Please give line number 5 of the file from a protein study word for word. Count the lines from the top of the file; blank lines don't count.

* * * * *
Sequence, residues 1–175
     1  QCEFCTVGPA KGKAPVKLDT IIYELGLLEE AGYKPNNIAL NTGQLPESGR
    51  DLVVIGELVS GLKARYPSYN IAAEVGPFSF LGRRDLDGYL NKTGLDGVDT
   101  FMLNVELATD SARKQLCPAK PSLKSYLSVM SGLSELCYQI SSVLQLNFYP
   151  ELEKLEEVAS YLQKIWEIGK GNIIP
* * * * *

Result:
   151  ELEKLEEVAS YLQKIWEIGK GNIIP